The Life and Death of 9413: a Hollywood Extra (1928)

The Life and Death of 9413: a Hollywood Extra

The Life and Death of 9413: a Hollywood Extra (1928) Directed by Robert Florey

The abstract reality of this hallucinatory avant-garde film manifests in its internal delirium and external dissymmetry the worst of Hollywood bureaucracy and its draconian modus operandi, dismantles its utopian facade and penetrates its dark confines to reveal its arcane institutional dystopia. The Life and Death of 9413: a Hollywood Extra is among the most brutal satires of the American film industry I have seen. And probably the most transcendent silent avant-garde film in American cinema.

Architecturally expressionistic and rhythmically rhapsodic, this extraordinary filmic dictum about the depths of the Hollywood film industry manages to convey in its nanoscopic minutes a symbolic maximalism that contains a polysemic density brimming with an uncomfortable veracity, almost as if it were enunciating an ancient proverb about the dangers of illusions, and the infatuation with the impossibility of dreams. Directed by the underrated Robert Florey and co-directed by Serbian editor Slavko Vorkapić, although whether the latter really had a decisive participation in the directional role is still debated, this ultra-low-budget production has the forcefulness to express more than any other exorbitantly expensive short film with simple yet compelling devices that vitalize its thematic sentiment with a palpable formal vigor.

The idealistic Mr. Jones, played with impeccable facial gestures by Jules Raucourt, is an artist who arrives in Hollywood with the optimism and hopes of working for the film industry and becoming a laudable star, however his ignorance regarding the hierarchies of the Hollywood system takes him to a demeaning level, a pseudo meritocracy that dehumanizes him and leads him to an existential abyss. The vision that this allegorical narrative has of Hollywood philosophy shares an empirical relationship with Robert Florey’s personal experiences when he worked as a film journalist and basically gathers here all his impressions of the industry in nightmarish, Kafkaesque tones. Validly the sensationalist rigor of a former journalist is pronounced in the severe exaggeration of his pessimistic vision, yet not everything is so hyperbolic, there is a premonitory spirituality, this short film chillingly predicts the self-criticism and conscious self-analysis or social commentary that would materialize in the American cinema of the 50’s with unrelenting cruelty.

What is most admirable about its powerful expression or bold indictment is that it does so with a modern hyper creativity that is tremendously thought-provoking, miniature urban designs and low key illuminated faces that are juxtaposed with real Hollywood footage conjuring the synthesis of its symbolism with incisive precision in its visual syntax, which is articulated in a sort of intellectual montage à la Americana. Each piece in this satirical commentary, cold in nature and intense in its acidity, superimposes abundant curiosities that expose the capitalist levity within the celluloid world, beginning with numerical allusions, symbolic associations between words and visual signs that conspire to give multi-interpretative complexities to their meanings. The poor victim, the protagonist who arrives with all the best intentions to work in the Hollywood industry is reduced to a number, which is written on his forehead, a numerical succession that can be interpreted as the position of his status as an acting slave, the lowest and most miserable. In contrast to him, there is a haggard and exploited girl with a number with a much better position than the tragic protagonist, although the manipulative atmosphere and the sordid gestures make it quite clear how she got so far, if you know what I mean…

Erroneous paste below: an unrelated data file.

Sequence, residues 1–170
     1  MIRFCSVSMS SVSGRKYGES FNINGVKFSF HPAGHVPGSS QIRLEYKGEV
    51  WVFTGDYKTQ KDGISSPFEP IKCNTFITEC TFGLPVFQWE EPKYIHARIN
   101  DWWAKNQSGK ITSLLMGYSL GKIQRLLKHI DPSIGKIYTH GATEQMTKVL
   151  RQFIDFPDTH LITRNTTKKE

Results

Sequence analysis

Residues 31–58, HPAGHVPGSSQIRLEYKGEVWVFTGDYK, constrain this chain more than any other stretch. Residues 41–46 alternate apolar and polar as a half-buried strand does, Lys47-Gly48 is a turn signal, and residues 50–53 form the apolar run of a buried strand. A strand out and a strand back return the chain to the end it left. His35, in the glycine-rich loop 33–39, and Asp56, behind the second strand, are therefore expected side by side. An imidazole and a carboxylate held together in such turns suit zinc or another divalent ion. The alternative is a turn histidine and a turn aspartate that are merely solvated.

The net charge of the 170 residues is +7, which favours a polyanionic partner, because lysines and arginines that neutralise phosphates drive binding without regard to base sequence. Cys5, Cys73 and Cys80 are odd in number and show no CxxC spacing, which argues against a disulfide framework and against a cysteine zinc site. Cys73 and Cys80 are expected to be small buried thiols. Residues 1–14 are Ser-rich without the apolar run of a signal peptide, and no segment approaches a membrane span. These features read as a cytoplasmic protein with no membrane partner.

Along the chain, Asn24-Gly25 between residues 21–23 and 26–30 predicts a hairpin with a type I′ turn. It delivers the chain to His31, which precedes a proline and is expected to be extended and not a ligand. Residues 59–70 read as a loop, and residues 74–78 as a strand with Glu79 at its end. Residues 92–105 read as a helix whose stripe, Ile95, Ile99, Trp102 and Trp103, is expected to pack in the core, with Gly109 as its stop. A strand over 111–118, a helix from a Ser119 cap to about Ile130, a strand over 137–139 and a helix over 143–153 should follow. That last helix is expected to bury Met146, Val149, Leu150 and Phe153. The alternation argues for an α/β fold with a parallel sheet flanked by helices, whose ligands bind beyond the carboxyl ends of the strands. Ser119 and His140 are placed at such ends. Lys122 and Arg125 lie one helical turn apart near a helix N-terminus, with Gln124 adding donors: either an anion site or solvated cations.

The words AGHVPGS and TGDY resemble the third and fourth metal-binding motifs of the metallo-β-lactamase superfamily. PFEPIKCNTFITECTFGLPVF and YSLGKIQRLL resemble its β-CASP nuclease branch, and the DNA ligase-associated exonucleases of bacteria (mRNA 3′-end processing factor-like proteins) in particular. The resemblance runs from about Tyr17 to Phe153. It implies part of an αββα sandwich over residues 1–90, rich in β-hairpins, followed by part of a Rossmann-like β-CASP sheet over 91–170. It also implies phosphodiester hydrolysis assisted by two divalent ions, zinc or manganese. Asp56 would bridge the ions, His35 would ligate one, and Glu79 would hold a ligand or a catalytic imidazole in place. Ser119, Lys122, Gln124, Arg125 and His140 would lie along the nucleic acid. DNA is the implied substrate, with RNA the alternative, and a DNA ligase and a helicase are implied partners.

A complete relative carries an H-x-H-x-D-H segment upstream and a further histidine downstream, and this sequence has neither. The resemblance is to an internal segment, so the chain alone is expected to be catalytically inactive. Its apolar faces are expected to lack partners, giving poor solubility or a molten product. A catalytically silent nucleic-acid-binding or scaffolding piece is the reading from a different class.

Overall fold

The fast-paced and consistent storytelling handles its time allocation exceptionally well, especially I find it mesmerizing how in the brevity of its minutes a rich amount of subliminal qualities can be found. Florey’s robust ambition doesn’t just stay in the industry spaces, suspiciously one can notice a global critique regarding the medium, not just the people who work in it. That can be subtly visualized in some sequences where the audience robotically applauds like stupid ideologized people to any kind of performance without any differentiation; it is difficult to extract something completely objective from an experimental work with an elusive poetics, however I think that the perspectives that the satire suggests are quite graspable from always critical angles. If we compare the disappointed protagonist, the deceitful producers behind the scenes, some of the actors, and the audience, we will realize that nearly all of them act in an automaton-like manner, a rigidity that allegorizes desensitization as well as how easily manipulated the public is in the face of any kind of persuasive populism. From this context, it is manifestly a judgment on the audience, and its conformism.

Burlesque and tart yet formidably intoxicating, Robert Florey exhibits some traces of his auteurism that have yet to be recognized as such; it’s the kind of short film in which subversive audacity and practical creativity are a must, and Florey proves he has both rebellious dispositions. The Life and Death of 9413: a Hollywood Extra is an honorable representation of avant-garde American cinema of the silent period, featuring talents of influential magnitude, such as its evocative chiaroscuro lighting courtesy of a filmmaking debutant, the legendary Gregg Toland. Every element in this film weaves together an acerbic dissection of the American film industry, from both its internal and external dimensions.


Matteo Bedon
About Author

When I'm not watching and studying films, I'm writing about them.
Part-time essayist and full-time film critic.